The One-Page Resume Rule: Gone By The Wayside?

There’s a lot of conflicting career advice out there for job seekers, largely due to the fact many job search issues depend on who you ask or the particular person’s preferences.

Here’s One Of The Biggies: Your Resume Needs To Fit On One Page

You’ve probably heard this before, and many job seekers wonder—how the heck am I going to cut down my experience enough to fit on one page? While I do recommend internship and entry-level job seekers keep their resume to one page (you don’t have the extensive experience to need additional pages, typically), this is just a rule of thumb meant to guide job seekers. The one-page resume rule mostly applied when employers had to look at a paper copy of your resume. One page is much easier to quickly scan than two or three, and most people don’t make it beyond the first page anyway. But, today, with much of the job search and hiring process taking place online, this rule doesn’t necessarily apply in every situation.

However, It’s Still Important To Be Concise

You shouldn’t include every piece of experience on your resume just for the sake of it. Your resume should only include relevant experience and skills to the position for which you are applying.

But Don’t Undersell Yourself

If you have enough relevant experience to spill over to two pages, don’t cut out important past experience or skills just because you think your resume needs to stick to one page. Here’s some solid advice from Alexis Grant at U.S. News about the one-page resume rule:
"If you do go for two pages, make sure your second page doesn't include an awkward amount of white space. If you're only using a quarter of the second page, try to condense it into one page instead. And if you're at one-and-a-half pages, play with the layout and fonts to use that leftover space, giving your accomplishments room to breathe. Don't forget to include your name on both pages and number them in case they get separated."
The lesson here? Do what works for you. "You shouldn't listen to some arbitrary, ridiculous rule that just won't die," says Dawn Bugni, a resume writer and former recruiter. "The only [real] rule for a resume is that it's accurate and it lands an interview." Weigh in: Is your resume one page—or longer? Do you think resume length has affected your chances (negatively or positively) of landing an interview for a job opening? Photo Credit: Shutterstock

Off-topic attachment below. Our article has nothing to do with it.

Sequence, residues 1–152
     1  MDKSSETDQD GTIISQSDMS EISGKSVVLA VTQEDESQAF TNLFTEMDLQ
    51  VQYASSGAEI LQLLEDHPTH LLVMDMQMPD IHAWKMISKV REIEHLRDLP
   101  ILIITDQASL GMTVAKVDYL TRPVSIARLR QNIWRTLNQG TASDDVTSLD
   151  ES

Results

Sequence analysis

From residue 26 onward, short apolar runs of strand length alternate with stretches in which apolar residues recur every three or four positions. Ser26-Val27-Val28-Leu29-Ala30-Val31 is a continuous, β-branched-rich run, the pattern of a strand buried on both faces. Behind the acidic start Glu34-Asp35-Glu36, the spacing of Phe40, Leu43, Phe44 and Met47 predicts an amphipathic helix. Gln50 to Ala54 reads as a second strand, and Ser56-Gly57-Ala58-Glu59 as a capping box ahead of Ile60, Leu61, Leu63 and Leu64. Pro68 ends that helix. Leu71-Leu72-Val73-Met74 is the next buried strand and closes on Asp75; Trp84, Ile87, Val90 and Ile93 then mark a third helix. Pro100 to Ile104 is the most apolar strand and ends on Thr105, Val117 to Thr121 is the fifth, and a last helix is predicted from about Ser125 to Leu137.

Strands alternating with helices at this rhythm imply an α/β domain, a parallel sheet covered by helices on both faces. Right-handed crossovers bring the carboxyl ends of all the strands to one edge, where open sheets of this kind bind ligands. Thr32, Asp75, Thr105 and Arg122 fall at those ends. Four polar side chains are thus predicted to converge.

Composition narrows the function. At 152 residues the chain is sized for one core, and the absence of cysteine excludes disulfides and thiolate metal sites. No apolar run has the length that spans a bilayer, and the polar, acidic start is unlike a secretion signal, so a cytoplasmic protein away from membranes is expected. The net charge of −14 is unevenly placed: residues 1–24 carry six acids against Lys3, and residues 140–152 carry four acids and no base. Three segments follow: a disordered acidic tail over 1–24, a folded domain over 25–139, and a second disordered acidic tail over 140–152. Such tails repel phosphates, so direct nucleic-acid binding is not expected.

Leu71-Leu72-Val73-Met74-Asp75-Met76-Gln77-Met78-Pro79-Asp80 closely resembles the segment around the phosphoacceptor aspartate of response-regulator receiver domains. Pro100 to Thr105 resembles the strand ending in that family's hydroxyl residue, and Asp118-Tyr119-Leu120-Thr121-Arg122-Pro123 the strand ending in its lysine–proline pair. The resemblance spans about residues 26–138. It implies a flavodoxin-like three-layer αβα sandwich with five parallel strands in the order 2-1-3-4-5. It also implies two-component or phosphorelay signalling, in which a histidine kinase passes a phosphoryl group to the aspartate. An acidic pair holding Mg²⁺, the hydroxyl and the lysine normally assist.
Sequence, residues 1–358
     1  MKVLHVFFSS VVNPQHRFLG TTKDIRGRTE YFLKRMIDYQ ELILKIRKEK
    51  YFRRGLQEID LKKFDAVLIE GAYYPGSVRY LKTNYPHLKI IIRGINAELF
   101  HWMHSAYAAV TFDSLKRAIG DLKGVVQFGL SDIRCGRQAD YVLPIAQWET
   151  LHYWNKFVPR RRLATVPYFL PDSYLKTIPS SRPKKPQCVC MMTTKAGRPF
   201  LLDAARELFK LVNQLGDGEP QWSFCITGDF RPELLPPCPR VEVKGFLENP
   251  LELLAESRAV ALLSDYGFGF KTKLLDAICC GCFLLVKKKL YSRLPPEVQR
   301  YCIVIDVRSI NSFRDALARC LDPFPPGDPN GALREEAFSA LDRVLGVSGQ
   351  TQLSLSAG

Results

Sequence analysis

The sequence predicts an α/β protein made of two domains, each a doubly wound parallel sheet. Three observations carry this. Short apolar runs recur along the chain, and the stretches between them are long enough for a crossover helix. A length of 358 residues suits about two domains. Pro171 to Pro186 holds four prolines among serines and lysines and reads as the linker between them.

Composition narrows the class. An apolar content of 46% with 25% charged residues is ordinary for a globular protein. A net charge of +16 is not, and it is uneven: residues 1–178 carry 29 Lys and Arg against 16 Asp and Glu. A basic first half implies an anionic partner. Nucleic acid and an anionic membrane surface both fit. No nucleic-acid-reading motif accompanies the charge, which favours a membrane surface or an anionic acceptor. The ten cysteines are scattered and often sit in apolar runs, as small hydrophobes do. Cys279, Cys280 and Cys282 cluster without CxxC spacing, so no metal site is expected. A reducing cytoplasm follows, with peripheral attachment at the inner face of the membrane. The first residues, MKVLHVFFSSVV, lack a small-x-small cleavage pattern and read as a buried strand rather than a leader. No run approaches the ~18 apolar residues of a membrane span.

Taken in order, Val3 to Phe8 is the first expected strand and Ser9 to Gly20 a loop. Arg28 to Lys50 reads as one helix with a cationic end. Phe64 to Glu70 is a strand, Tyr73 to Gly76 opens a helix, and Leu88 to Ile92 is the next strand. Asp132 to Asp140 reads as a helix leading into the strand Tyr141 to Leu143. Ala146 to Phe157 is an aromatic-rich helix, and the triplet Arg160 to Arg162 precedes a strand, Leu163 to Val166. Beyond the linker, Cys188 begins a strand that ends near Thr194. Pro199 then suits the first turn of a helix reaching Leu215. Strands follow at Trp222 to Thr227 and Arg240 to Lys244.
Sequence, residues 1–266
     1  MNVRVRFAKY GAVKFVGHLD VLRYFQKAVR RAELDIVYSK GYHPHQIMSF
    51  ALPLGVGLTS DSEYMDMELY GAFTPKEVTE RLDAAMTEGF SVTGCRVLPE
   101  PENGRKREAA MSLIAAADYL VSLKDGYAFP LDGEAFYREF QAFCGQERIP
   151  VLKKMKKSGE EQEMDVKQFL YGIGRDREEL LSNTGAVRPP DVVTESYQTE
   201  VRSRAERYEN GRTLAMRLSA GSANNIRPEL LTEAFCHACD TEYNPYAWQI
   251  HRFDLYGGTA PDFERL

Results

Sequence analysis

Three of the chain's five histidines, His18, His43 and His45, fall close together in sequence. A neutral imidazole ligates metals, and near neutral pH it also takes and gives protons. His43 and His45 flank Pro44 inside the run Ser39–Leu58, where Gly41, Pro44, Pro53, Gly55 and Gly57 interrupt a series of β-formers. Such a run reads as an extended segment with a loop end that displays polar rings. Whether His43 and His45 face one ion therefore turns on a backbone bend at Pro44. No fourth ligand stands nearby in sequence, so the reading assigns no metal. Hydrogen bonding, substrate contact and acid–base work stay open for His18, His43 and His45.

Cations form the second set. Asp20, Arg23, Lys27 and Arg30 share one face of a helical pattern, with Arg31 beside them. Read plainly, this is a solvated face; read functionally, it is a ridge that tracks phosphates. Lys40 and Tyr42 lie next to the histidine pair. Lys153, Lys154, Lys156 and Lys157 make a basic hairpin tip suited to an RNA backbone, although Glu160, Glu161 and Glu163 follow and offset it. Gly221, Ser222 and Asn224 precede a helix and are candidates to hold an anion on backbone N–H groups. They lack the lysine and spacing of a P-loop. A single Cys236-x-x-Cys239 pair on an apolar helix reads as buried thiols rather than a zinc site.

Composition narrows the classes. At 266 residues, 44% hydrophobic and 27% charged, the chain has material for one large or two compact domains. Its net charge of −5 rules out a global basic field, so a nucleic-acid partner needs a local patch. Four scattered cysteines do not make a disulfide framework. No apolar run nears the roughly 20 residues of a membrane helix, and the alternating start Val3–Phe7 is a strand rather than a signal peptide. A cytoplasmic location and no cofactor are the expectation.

In our new YouTube series, "Well This Happened" it's your turn to be the career coach! What would you do if you asked a coworker when the baby was due and she responded with, "I'm not pregnant." Watch the video and cast your vote b posting a comment on Youtube. We'll select one person from the correct answers at random to win free membership to the Work It Daily program. Good luck!

SHOW MORE Show less

If you've ever wondered what a Work It Daily (WID) membership could do for you, a letter we got this week provides a powerful example...

SHOW MORE Show less

There are 3 things hiring managers are trying to initially assess about you in the job interview. This video walks you through what they are looking for and offers insights into the right information to give them. Be sure to check out our free resources mentioned in the video too. They are:

SHOW MORE Show less

Last week during my Office Hours on Youtube, a client asked about how to deal with a workplace bully. After spending many years in corporate HR, I flipped to the other side and became a career therapist. So, I've seen both sides of this situation in the workplace. In this video, I discuss why people struggle to deal with bullies and what you can do to change the situation instantly.

This week, I did something that truly scared me. I sent an email to over 120,000 Work It Daily newsletter subscribers and asked them to answer the question, "What do we do?"

SHOW MORE Show less

A market correction is going to happen. When it does, layoffs will follow. I've been in the HR and recruiting industry for over two decades and have seen three recessions of varying sizes. In the video above, I explain how to tell when a recession is coming and what that means to you and your career. While many people will skip watching this. Or, will watch it and do nothing. I hope YOU are the smart, savvy professional who sees how important it is to prepare for unexpected, unwelcomed career circumstances.

SHOW MORE Show less

In this video, you'll learn how to tell if your career is plateauing due to the Executive Blues. You'll also learn what you can do to fix the problem and get your "executive energy" back so you can keep your career on track and set goals to reach new heights of success!

Want to watch the full video tutorial by J.T.?

CLICK HERE to get access!